previous page: 2.3.1 Personality Disorders
page up: Dissociation FAQ
next page: 3.0 Overview

2.4 Treating Dissociative Disorders


This article is from the Dissociation FAQ, by Discord (tina@tezcat.com) with numerous contributions by others.

2.4 Treating Dissociative Disorders

Updated 3/15/96

ISSD has published a formal set of guidelines for treating dissociative
disorders; it is now available at their site, which is at

[The following is the information that was here in lieu of formal
guidelines; these were summarized from a number of books addressing the
treatment of dissociation.]

Treatment has two goals: firstly, to allow the normal functioning of
a highly dissociative person, and secondly, to treat the underlying cause
of dissociation. These goals are generally interconnected and are dealt
with simultaneously.

Since most dissociative disorders result from extreme stress and/or
trauma, and are also exacerbated for that stress, teaching the highly
dissociative person to deal with stress is one method of treatment.
Learning to work around one's stress would seem to be essential in
reaching a plateau of functionality.

For deep-rooted trauma, hypnosis is often used to aid in the recall,
examination of, and transcendence of the past trauma. Dealing with the
memories of abuse, for instance, is vital in the recovery process.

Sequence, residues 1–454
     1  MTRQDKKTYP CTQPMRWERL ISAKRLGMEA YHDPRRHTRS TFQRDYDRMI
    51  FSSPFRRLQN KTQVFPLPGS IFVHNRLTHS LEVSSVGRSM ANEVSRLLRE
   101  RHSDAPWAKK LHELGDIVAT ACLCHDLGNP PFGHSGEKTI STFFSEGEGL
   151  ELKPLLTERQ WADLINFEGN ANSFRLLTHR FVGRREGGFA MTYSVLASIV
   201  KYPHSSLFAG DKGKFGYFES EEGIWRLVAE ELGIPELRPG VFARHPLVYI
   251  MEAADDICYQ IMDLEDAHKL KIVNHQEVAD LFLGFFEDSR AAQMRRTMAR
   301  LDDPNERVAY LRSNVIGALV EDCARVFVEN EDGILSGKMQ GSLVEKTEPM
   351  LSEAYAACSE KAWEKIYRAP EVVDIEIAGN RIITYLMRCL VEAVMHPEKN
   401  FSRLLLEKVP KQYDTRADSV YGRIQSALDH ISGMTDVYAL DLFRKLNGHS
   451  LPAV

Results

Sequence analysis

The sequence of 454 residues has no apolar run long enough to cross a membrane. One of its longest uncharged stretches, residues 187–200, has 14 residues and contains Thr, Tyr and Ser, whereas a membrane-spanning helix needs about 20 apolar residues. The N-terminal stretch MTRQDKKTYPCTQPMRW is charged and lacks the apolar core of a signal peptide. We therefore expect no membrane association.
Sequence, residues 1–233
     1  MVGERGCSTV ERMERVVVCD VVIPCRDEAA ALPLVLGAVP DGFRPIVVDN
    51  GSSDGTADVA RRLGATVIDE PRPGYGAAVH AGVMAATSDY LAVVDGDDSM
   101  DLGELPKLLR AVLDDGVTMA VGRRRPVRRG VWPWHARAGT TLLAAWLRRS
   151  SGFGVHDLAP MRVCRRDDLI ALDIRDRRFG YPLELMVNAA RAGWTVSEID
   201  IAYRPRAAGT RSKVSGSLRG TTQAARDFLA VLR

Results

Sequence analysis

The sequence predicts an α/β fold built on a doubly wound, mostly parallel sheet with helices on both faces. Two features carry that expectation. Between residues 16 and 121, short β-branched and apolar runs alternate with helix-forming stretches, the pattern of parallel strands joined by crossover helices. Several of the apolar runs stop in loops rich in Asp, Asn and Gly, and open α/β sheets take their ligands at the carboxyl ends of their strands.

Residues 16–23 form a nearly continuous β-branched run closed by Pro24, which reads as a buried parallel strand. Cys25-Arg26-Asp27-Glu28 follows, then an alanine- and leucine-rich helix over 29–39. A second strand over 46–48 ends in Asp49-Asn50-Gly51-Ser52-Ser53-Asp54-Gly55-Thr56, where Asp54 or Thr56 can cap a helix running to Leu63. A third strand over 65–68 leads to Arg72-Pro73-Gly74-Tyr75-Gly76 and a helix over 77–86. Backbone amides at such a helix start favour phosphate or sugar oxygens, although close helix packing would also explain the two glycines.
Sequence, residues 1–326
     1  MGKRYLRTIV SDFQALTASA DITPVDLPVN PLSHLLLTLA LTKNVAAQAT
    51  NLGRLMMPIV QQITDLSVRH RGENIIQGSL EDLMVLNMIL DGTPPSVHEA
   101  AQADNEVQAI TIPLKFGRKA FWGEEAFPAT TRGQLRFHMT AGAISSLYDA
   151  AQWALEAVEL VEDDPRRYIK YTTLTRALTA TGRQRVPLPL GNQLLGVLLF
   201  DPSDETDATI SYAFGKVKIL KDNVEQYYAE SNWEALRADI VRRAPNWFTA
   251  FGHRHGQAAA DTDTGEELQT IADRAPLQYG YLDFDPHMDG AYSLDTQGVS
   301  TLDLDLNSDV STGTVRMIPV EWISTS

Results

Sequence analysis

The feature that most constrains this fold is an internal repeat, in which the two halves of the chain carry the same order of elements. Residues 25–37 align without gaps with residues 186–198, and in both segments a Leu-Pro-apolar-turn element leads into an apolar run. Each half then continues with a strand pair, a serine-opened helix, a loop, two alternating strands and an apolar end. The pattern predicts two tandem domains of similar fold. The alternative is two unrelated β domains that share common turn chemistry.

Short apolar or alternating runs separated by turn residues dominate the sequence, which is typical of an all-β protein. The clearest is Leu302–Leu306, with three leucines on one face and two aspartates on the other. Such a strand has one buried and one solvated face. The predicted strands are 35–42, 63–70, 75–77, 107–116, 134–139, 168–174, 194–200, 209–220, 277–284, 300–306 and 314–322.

In multiplicity, learning to communicate with one's personalities and
sharing of control and memory between the personalities is also vital.
Talking with individual personalities and encouraging them to cooperate
seems to be the easiest method of achieving this goal.

There is some debate as to whether complete fusion into one "whole"
personality is necessary to cure the disorders. For some, the goal is
instead integration into several, co-conscious personalities which
function together in the control of the body and in performing the
day-to-day functions necessary to live. For others, complete fusion
into one personality may well be necessary to achieve normal functioning.

Regardless of the course of treatment, it is usually long-term, taking
several years to achieve what the therapist considers normality.
However, once the dissociative person enters treatment for their
dissociation (as opposed to any associated disorders they may have),
treatment is almost always successful.


Continue to:

previous page: 2.3.1 Personality Disorders
page up: Dissociation FAQ
next page: 3.0 Overview